The surge in popularity of inflatable bounce houses in the United States corresponds to a rash of related accidents. A nationwide study published in the journal Pediatrics found fewer than 1,000 reported bounce-house injuries in 1995 but nearly 11,000 in 2010. That averages 30 children a day being treated in emergency rooms for broken bones, sprains, cuts and concussions resulting from children falling inside or out of the bounce houses, or colliding with each other. More than one-third of the injured children are 5 and younger. (Associated Press)
After frequent attacks on doctors, Indian hospitals started hiring well-built nightclub bouncers, bodyguards and wrestlers to keep order in emergency rooms and labor rooms. Relatives and friends often become agitated and go on rampages after patients die or are suspected of having been mistreated. Thousands of attacks occur in Indian hospitals every year, according to Dr. Narendra Saini of the Indian Medical Association, who noted families feel especially cheated at expensive hospitals, explaining, “They expect their patient to live because that’s what they paid for.” (Associated Press)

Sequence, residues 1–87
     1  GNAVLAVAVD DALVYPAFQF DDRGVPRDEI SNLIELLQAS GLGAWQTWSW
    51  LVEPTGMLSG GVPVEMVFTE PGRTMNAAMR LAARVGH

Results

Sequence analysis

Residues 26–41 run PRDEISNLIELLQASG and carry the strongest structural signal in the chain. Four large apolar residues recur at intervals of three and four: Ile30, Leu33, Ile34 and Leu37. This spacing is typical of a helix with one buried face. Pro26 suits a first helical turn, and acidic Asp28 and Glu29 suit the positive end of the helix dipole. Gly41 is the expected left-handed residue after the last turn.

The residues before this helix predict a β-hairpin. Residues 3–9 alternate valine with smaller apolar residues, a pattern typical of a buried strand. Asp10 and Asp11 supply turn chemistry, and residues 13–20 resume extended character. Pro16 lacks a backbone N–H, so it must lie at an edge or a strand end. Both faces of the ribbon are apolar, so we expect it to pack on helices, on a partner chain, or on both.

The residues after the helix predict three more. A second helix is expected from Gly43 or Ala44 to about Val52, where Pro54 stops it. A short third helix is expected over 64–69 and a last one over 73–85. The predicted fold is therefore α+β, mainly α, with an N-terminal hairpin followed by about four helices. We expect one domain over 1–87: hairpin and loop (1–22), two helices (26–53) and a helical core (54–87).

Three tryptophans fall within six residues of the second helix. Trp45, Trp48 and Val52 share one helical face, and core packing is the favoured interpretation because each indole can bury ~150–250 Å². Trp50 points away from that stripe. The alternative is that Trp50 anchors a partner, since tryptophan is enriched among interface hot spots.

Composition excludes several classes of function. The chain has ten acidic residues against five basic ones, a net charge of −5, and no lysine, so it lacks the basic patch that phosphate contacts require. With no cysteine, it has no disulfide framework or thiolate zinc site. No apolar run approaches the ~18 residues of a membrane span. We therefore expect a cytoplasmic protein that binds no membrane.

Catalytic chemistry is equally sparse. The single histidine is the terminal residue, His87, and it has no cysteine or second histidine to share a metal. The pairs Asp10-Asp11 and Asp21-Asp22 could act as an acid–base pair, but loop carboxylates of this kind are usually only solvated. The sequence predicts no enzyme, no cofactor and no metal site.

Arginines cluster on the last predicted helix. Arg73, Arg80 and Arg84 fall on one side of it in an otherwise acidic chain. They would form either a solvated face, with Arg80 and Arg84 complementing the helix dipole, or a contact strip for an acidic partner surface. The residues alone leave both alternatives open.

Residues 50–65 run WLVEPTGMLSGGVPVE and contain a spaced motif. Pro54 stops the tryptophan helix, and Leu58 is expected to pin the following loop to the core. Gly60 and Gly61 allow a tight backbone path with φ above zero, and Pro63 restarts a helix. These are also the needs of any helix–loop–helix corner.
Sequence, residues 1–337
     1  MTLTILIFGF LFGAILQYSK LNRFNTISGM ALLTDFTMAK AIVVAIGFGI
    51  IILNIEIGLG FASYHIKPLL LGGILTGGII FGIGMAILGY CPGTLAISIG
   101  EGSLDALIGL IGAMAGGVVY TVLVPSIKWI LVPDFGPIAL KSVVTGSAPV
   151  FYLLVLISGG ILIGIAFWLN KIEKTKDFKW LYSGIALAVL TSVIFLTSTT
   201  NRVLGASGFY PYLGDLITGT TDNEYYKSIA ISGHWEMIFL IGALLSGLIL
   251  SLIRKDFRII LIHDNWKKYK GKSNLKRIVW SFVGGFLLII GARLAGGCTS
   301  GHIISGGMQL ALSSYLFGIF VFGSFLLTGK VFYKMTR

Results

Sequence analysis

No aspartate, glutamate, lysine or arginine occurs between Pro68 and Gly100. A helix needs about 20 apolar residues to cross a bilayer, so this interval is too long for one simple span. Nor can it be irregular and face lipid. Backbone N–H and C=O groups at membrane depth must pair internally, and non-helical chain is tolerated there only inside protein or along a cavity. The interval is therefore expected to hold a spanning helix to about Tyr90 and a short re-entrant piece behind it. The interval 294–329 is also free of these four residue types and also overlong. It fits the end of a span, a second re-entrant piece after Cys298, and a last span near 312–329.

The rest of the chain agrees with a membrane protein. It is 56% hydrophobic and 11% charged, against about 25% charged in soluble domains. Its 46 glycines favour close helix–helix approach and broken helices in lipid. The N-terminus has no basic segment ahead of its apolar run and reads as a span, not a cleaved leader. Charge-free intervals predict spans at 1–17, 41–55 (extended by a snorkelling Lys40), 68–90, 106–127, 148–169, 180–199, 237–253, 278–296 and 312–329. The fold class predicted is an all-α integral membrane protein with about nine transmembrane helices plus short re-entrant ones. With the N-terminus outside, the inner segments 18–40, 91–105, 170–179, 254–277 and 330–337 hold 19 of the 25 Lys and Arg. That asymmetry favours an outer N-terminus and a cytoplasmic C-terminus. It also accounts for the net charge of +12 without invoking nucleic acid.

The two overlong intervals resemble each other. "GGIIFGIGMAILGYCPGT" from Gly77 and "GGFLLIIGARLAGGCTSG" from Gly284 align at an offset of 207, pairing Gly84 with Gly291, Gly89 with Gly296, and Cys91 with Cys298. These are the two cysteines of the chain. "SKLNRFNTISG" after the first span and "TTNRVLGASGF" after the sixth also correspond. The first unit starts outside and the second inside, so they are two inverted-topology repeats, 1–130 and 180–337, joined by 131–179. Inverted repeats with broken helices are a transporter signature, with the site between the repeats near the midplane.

Nearly three of every four shoppers accustomed to discounted prices at retail stores said they wouldn’t buy a given item without a discount of at least 50 percent. A survey by the consumer research firm America’s Research Group found that deep discounts eat away at already slim profits, but retailers have only themselves to blame, because discounting during a down economy has conditioned shoppers to expect it. Everyday pricing “takes some fun out of” shopping, Paco Underhill, who studies consumer behavior for Envirosell, explained. “Sales are just like heroin.” (Associated Press)
Not Here to Talk About the Past
Physician-turned-tea-partyer Rep. Scott DesJarlais, R-Tenn., easily won reelection to a second term as an avowed anti-abortion, family values candidate, despite testifying at his divorce trial that he had “sexual relationships with at least two patients, three coworkers and a drug representative” while he was married. He also admitted supporting his ex-wife’s decision to have two abortions before they wed and reportedly urged one of the patients he had sex with to get an abortion. DesJarlais has consistently supported anti-abortion legislation, scoring the National Right to Life’s coveted 100 percent rating. (Chattanooga Times Free Press)